The Pittsburgh Public Schools board approved three employee contracts Wednesday night, more than a month after a planned teacher and support staff strike was averted.
The board voted 8-0 with one member, Veronica Edwards, absent.
The new deal moves away from performance-based pay, a method the union opposed. It also gives principals flexibility in assigning teachers to classrooms, an issue district leaders said stalled negotiations.
According to a summary of the agreements issued by the district last week after union members voted to ratify contracts, the new agreements will expire June 30, 2020.
Board President Regina Holley acknowledged that negotiations were contentious. But, she called for unity.
“Our goals for the district are deceptively simple: to achieve the best possible education for the greatest number of students,” she said after the vote. “This contract allows us to move forward toward that goal with a more common vision.”
Superintendent Anthony Hamlet said in a statement that there was give and take on both sides.
“Teachers will get a wage package that makes our district more competitive for new hires and in retaining talent, as well as a formidable health insurance and benefits plan. The new contract also addresses teachers’ concerns with early childhood educators as much as possible given the limitations of this grant-funded program,” he said.
The new agreement will replace a performance-based pay schedule for teachers that dates back to 2010. According to a state-appointed fact finder report written and released with input from both sides last fall, both sides agreed at that point to eliminate the model.
They agreed on a 12-step schedule for teachers hired after July 1, 2010 and a 2 percent increase for each steps. A teacher on the first step during the 2017-18 school year would make $46,000. A teacher at the highest step in the 2019-20 school year would reach $95,254.
Teachers hired before July 1, 2010 will also receive retroactive 2 percent pay raises for each of its 10 step-schedule.
All other salary schedules for counselors, social workers, nurses and other support staff will also receive 2 percent raises.
Early childhood educators also nabbed a win – wages will increase by 2 percent every year of the union’s three-year contract. According to an early summary of the tentative contracts sent to union members and obtained by WESA, the district had proposed a 2 percent increase only in the first year.
The new teachers’ contract includes language to give principals a total of 35 involuntary assignment opportunities per year district-wide to move kindergarten through fifth-grade teachers. A teacher, though, can only be assigned a grade above or one grade below his or her current level. Teachers will also be able to appeal those decisions.
In the week leading up to a planned strike, Superintendent Anthony Hamlet issued a release stating all but one issue had been resolved. He wrote, “The PFT refuses to allow principals to assign teachers to classes to maximize student achievement.”
PFT President Nina Esposito-Visgitis said at that time that there were still several unresolved issues.
The fact finder report stated that the district wanted to give principals, who were being held accountable for their school’s success, the final authority to assign teachers to certain classes or grade levels. According to the report, the union argued that would further erode teacher autonomy and lead to low morale, but the fact finder sided with the district.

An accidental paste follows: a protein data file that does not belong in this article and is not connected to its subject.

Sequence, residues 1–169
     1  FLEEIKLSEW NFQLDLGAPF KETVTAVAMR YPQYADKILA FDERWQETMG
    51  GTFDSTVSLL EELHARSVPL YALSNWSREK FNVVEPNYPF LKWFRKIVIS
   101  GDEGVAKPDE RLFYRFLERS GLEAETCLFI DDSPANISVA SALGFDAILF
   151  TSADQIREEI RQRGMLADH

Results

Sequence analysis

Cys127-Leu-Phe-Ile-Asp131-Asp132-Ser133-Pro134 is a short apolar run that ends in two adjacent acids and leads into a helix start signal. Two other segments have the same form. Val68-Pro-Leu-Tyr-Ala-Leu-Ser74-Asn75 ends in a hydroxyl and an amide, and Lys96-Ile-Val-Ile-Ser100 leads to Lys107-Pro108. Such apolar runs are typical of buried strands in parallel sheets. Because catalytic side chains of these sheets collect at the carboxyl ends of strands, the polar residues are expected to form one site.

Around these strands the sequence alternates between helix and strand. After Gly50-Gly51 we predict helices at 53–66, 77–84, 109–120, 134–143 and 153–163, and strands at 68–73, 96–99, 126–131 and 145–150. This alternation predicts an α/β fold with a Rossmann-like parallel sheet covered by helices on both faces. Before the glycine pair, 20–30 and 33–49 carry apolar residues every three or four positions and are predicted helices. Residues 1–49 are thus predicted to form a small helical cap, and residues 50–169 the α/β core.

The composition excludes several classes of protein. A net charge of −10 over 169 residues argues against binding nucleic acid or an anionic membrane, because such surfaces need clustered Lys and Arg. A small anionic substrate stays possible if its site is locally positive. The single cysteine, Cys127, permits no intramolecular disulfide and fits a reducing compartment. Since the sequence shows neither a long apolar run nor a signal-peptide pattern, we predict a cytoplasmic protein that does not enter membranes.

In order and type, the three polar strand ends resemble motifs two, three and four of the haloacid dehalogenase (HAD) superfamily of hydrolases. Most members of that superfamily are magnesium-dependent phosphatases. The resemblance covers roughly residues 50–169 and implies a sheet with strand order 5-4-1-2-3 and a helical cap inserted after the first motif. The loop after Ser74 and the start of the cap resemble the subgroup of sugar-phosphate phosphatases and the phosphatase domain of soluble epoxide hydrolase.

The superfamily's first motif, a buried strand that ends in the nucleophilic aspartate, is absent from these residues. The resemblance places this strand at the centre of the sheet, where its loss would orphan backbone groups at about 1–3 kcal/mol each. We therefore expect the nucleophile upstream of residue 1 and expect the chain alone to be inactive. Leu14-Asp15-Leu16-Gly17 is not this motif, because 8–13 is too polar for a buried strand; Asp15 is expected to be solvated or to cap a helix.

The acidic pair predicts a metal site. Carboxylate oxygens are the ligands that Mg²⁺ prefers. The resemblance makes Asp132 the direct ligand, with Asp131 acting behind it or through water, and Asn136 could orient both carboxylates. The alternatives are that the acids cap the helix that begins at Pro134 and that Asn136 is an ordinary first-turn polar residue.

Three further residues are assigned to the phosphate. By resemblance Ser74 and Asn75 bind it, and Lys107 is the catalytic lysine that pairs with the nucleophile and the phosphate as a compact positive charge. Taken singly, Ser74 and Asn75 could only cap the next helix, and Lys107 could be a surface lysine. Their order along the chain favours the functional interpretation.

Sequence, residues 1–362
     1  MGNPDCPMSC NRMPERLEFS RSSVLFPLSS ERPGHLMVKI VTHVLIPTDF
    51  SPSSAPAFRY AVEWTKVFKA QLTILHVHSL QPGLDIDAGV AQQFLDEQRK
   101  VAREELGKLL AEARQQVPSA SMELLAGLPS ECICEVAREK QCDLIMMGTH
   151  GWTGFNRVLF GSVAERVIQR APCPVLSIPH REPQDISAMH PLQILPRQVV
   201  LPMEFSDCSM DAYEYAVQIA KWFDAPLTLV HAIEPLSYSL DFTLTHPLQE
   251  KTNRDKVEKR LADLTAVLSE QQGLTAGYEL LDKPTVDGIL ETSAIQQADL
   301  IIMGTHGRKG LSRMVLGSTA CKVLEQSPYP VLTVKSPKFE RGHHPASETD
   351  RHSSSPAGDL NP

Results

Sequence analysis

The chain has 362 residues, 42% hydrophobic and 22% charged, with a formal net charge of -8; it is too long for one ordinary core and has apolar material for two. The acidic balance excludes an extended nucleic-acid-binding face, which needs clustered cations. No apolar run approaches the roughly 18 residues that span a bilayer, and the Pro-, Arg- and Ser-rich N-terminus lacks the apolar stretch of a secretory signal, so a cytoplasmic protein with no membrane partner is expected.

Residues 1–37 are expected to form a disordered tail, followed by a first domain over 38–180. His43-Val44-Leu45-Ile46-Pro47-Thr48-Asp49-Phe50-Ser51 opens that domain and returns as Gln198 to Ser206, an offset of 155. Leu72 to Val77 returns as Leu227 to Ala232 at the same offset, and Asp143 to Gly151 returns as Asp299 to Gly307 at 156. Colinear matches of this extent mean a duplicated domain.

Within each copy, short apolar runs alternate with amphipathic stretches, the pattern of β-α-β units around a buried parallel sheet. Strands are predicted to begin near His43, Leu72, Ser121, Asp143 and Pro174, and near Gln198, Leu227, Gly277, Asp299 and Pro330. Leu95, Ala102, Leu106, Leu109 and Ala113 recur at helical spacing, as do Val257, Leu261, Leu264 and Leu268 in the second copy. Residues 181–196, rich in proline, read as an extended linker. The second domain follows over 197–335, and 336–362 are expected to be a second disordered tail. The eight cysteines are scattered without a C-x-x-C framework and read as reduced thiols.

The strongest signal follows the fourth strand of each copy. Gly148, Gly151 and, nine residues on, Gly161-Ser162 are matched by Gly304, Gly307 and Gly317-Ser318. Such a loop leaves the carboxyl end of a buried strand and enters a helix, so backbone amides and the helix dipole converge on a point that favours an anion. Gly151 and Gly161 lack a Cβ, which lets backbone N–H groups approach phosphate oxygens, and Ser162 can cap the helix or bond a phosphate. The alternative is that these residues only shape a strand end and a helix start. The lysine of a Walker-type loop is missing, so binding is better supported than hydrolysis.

“It is absolutely essential in this time and place where student performance throughout the district is, to put it mildly, not inspiring that the Board have flexibility to use its resources as it deems they can be most effective,” fact finder Lewis Amis said in his report.
The district also highlighted what it described as a “loophole” in the hiring process that created what it deemed “far too much teacher turnover in our most challenged schools.”
The new teachers' contract eliminates what had been deemed the August 1 rule. According to the fact finder report, if a teacher is hired after August 1 when principals are supposed to have staffing finalized, the position maintains a “vacant” label until the next hiring period. According to the district, as a result, last year nearly 100 staff members moved and mostly from high-needs schools.
The new teachers’ contract was accepted by 90 percent of voting members, the PFT announced last week.
The nearly 3,000 members of the Pittsburgh Federation of Teachers began voting last month but that process was delayed when a discrepancy was discovered in health care benefits. The new deals moved some employees to a different provider.
The PFT planned a strike in February and later canceled it after a 14-hour bargaining session ended with tentative contracts. Union members have been without a contract since June when the extension of the previous contracts expired.
Both sides will be back at the table, though, in 2019. Esposito-Visgitis said her team has already started to think about what they will prioritize in the next round of negotiations.
The union also negotiated deals for paraprofessionals and technical-clerical workers. While 90 percent of technical-clerical workers approved the new agreement, 77 percent of paraprofessionals did so. Esposito-Visgitis said residency requirements for paraprofessionals is something that will continue to be negotiated in the next round of bargaining.